“All income is taxable unless the tax code says it’s not; all expenses are not deductible from that income unless the tax code says they can be deducted.”
Maryland Smith accounting lecturer Sam Handwerger recites this basic tenet multiple times every semester. It’s a fundamental lesson that every accounting student must learn. “It’s ‘Intro to Income Taxation’ stuff,” Handwerger says.
And it will come in handy throughout their careers. “This gets to the heart of our income tax law. We are taxed on net income, after expenditures – not on the gross – with the proviso that Congress gets to decide what you can deduct to get to that net,” Handwerger says, in words he’s likely repeated dozens of times.
In October, the Second Circuit Court of Appeals confirmed the constitutionality of that basic tax principle, ruling that the $10,000 income tax deduction limit of State and Local Tax (SALT) as passed in the 2017 TCJA law is valid.
The law had been challenged by four higher-income-taxing states, Handwerger says, “for the obvious concern that their residents were being unduly hurt by this limitation.”
Fearing their residents would demand lower taxes or leave their state for lower-taxing venues, these states argued that the law unjustly hurt their sovereign ability to collect and raise tax revenue. “That might be a fair assessment of what the law in effect does,” says Handwerger, “but it’s not enough of a reason for Congress to be unable to legislate the $10,000 deduction limit, so said the Court of Appeals.”
Anticipating that the constitutional argument would fail to gain relief, the higher-income-taxing states have been busy on two fronts, says Handwerger, a CPA and a full-time accounting lecturer at Maryland Smith. First they are appealing to Congress to overturn the deduction cap. The prospects initially seemed encouraging. The Democrats seemed poised to quickly revoke the limit after the 2020 election, but the price tag of lower federal tax revenue has “so far deterred the overturn,” says Handwerger.
The second strategy, he notes, has been yielding better and more fruitful results. “This is what some call the ‘SALT workaround,’” says Handwerger.
Endorsed by an IRS ruling in 2020, the workaround is basically accomplished where the state legislates a state income tax on certain pass-through businesses in lieu of an income tax on the owner of that business. This works for S corporations and Limited Liability Companies (LLCs), where the income from the business is generally passed through to the owner, who in turn pays the income tax.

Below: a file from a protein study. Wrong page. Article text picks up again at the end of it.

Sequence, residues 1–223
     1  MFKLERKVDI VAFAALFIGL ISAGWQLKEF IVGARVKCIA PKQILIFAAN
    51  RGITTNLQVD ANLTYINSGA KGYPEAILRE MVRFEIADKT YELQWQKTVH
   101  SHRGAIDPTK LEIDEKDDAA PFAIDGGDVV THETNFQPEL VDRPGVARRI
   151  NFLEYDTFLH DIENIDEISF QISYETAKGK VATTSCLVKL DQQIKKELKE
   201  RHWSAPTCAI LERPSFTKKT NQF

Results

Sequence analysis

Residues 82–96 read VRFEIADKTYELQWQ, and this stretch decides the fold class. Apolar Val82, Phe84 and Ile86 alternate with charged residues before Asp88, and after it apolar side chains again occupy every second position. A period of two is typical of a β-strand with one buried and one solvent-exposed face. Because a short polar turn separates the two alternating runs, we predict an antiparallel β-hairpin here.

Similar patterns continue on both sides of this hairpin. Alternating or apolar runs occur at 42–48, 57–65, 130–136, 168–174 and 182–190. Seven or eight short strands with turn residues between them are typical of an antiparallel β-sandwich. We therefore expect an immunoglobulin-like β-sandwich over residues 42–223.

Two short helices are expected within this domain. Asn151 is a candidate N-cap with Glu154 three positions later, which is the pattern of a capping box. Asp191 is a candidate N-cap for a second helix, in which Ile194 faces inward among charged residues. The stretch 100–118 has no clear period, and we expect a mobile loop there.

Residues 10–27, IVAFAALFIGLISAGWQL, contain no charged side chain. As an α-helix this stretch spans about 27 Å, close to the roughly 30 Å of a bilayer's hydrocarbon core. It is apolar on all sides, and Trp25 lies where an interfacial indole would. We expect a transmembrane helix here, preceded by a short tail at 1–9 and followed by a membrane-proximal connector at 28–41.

By rearranging the tax on the income of the business to be at the business entity level – rather than at the owner level – there is no limit on the amount of deduction allowed for the state income tax by the business. The limit applies only to individual taxpayers. “This clever little workaround has now been legislated by almost 20 states, with more coming around the corner,” says Handwerger.
“The result? High income-tax-states have eased the pressure on business owners in their state to leave for sunnier climates like Florida, where there is no income tax.”
And that sounds good. But, well, there’s always a “but,” says Handwerger.
“The benefit works only for business owners, and in particular for business owners in these pass-through entities. Doesn’t work for the employee of a business or owners of C corporations. Thus, in an effort to “work-around” a tax law, some tax fairness disparities open up.”
Employees can’t simply create their own business and have the business become the “employee” in order to take advantage of this loophole, in effect paying their state income tax as an S corporation or LLC, he says. The complex employee-versus-independent-contractor rules step in here to prohibit playing that game.
In short, he adds, “If you are an ‘employee,’ you’re stuck paying tax as an individual and being subjected to the current $10,000 limitation .”
Now, Congress is now back at the drawing board, Handwerger says.
“With the workaround laws gaining steam, the once projected tax revenue from the SALT limit is now being eroded, undermining the government revenue gain anticipated by that limit. Admittedly not entirely, but at an alarming rate,” he says. “Presumptively, Congress will soon have to do something.”
Media Relations Manager